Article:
Last week, I shared how we should be encouraged by recent developments to ramp up efforts in support of America’s new and young job creators—including legislation put forth by President Obama at the end of January. While there still remains a small window to get something done, Washington’s old timers emailed me afterwards to remind me that tackling the challenges of passing reforms during an election year is very hard and patience is in order. But as Bob Litan, vice president of Research and Policy at the Kauffman Foundation succinctly put it in an op-ed last week, the political climate at the federal level “doesn’t mean we’re out of ammunition.”
States have made great policy moves to inject entrepreneurial dynamism to our economy before and can do so again. The Kauffman Foundation’s State of Entrepreneurship Address delivered last Thursday offered several examples of policies states can implement to spur more entrepreneurship. Based on a collaborative study with the National Governors Association, the Kauffman Foundation issued A Startup Act for the States to guide policymakers at the state level. I share the main insights with you here.
Streamline business registration procedures
Entrepreneurship could be better facilitated by consolidating the physical space for in-person registrations, along with creating an easy-to-use, “one-stop” place for online business registration. While it might seem obvious given the years we have already been enjoying digital convenience for most market transactions, this has only just begun to happen and only in a few states, like Vermont, which in 2011 adopted the digital incorporation law. Because not all businesses succeed, states should also avoid adding to the costs of shutdown and liability. New firm formation is an organic team sport which requires the constant recycling of business initiatives. We need to make it easy for founders to close flawed approaches, form again with others and create more jobs in new ventures.
If the federal government passes the Startup Act introduced last December, it will help in this regard because the Act would create a domestic Doing Business ranking (like the World Bank one at a global level), which would stimulate a race to the top in streamlining such procedures. It never ceases to amaze me, but comparing ourselves to others must be part of human nature. Rankings always seem to incentivize action.
Re-evaluate occupational licensing
A change in U.S. regulation that has affected business creation without much notice to policymakers is the proliferation of occupational licensing. In the 1950s, 5 percent of American workers needed a license before they could provide a service. Today, it affects 20 percent of workers. For example, paralegal service providers, can handle routine legal problems at a lower cost and with no quality sacrifice for consumers. The same applies to nurse practitioners, who could be starting up service businesses that offer quality and value. States could spur business creation by removing this barrier to entry when the health and safety benefits derived from licensing are unclear. At the State of Entrepreneurship address panel, Morris Kleiner from the University of Minnesota, did an excellent job in walking us through how this works.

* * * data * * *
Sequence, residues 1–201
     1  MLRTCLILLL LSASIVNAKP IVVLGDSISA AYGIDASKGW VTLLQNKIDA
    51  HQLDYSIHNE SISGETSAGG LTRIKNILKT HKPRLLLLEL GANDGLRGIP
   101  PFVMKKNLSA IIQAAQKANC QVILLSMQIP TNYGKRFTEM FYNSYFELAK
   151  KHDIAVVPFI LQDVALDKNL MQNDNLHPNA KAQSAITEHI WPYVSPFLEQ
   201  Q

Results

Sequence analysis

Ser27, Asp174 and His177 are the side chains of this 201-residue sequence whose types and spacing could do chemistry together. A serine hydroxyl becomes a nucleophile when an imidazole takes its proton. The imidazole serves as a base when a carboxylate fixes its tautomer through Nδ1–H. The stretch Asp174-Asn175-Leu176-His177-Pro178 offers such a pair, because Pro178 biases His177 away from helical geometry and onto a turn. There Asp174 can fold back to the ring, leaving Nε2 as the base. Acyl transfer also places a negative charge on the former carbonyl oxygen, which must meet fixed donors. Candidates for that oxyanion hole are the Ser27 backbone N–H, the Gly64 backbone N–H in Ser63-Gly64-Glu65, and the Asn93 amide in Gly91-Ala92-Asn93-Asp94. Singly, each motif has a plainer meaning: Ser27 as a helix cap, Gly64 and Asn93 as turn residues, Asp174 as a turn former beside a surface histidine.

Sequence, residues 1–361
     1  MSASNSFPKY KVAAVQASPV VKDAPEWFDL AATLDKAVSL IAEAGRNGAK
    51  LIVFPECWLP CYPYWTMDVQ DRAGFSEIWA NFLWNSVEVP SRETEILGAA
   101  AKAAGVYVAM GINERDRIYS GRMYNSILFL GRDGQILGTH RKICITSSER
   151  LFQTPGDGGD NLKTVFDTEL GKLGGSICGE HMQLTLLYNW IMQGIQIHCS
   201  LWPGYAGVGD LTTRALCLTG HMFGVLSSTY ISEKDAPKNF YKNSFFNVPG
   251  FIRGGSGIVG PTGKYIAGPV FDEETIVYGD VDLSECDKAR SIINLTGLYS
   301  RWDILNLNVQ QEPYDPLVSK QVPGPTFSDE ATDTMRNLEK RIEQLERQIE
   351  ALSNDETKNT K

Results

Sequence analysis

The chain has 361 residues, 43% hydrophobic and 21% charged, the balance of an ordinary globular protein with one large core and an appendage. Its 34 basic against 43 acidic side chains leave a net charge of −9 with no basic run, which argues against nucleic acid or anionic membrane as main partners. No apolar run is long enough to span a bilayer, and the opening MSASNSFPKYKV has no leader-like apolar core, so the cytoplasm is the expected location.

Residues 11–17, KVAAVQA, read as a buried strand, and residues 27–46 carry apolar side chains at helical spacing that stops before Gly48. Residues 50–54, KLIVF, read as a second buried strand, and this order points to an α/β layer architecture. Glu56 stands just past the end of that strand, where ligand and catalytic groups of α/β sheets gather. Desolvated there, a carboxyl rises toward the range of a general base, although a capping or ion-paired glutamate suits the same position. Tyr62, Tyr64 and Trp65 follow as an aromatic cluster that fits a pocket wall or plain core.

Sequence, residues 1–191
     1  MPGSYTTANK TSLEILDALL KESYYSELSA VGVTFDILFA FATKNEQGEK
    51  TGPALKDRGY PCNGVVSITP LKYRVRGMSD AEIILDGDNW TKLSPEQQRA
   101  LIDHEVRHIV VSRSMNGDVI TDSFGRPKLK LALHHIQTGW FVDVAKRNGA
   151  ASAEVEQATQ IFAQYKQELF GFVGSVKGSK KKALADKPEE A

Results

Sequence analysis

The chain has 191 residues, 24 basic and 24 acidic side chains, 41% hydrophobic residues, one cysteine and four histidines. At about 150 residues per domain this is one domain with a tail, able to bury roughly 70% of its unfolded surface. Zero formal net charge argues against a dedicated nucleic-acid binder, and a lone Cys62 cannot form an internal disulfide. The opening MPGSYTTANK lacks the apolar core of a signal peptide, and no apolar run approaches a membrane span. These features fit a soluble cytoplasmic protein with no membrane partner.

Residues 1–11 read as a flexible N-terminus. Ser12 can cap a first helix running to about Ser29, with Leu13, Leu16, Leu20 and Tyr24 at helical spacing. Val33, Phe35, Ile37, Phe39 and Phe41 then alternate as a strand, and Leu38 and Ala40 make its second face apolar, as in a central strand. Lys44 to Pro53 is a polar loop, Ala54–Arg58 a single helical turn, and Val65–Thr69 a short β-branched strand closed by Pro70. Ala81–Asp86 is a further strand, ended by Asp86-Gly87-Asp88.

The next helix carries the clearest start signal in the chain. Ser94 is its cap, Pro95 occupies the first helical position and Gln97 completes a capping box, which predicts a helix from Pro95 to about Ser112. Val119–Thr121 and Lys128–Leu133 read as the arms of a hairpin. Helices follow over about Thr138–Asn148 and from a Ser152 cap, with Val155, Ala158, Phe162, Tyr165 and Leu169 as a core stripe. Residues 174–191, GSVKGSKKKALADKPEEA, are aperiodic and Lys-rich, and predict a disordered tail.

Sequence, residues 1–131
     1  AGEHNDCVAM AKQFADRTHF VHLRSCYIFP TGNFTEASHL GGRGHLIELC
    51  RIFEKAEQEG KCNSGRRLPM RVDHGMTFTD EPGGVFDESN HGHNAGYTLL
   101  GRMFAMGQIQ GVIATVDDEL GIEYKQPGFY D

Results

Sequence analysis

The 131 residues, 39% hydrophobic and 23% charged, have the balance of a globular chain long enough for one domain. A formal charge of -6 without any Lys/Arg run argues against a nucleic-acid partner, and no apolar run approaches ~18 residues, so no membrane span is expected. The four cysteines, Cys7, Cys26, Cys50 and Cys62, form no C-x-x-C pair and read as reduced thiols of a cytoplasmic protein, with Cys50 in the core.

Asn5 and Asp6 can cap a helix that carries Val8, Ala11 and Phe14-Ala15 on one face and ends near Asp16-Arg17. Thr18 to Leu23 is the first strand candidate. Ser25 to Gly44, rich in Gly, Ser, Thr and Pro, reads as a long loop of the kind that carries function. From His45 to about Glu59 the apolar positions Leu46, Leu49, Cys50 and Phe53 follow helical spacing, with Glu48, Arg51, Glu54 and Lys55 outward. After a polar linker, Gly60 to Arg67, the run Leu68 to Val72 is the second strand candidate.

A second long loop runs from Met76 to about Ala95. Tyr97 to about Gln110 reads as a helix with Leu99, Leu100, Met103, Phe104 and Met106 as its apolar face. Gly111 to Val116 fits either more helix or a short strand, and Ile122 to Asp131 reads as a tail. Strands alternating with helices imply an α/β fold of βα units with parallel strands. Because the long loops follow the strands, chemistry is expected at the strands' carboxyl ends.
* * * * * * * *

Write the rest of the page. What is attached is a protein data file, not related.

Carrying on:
Entrepreneurship mentorship at colleges and universities
States should ensure that their universities and community colleges are helping interested students embark on the entrepreneurial path. By way of example, I have showcased in the past the University of Miami, whose LaunchPad program offers an alternative to students who want to search to start a business. I will also write next week about how a Canadian university has taken this to new levels.
Help push commercialization of university-developed innovations
I have worked in several states where governors, anxious about regional economic growth, have put pressure on their universities to deliver more jobs and economic value for public dollars invested. However, few have been specific enough to encourage or require their universities to give greater freedom to their innovative faculty to license their inventions without having to go through the traditional bureaucratic channel embodied in technology transfer offices. This does not mean that universities will lose their rightful share of royalties, but rather open an often clogged pipeline of lab innovations waiting to reach markets. Combine this greater freedom of path to the market with commercialization education for faculty and students, and you will have a powerful source of economic power.
The study at the root of these recommendations is not based on a beggar-thy-neighbor framework of tax breaks and subsidies that might only “chase” firms from other states only to see them vanish. For a fuller analysis, you can access the study, “A License to Grow: Ending State, Local,and Some Federal Barriers to Innovation and Growth in Key Sectors of the U.S. Economy.”
With fewer new startups and fewer jobs created by those who do start firms, America’s entrepreneurial engine is in much need of getting the fundamentals right. While entrepreneurial development is complex, good state policymaking can ensure that a state or city doesn´t just survive the crisis, but thrives. Further, it was evident to me at the Kauffman lunch last Thursday that the National Governors Association (NGA) chairman, Governor Jack Markell (D-Delaware), and its vice-chair, Governor Dave Heineman (R-Nebraska), clearly enjoy an excellent working relationship. Maybe the states can shame Washington into some similar common sense, non-partisan policymaking.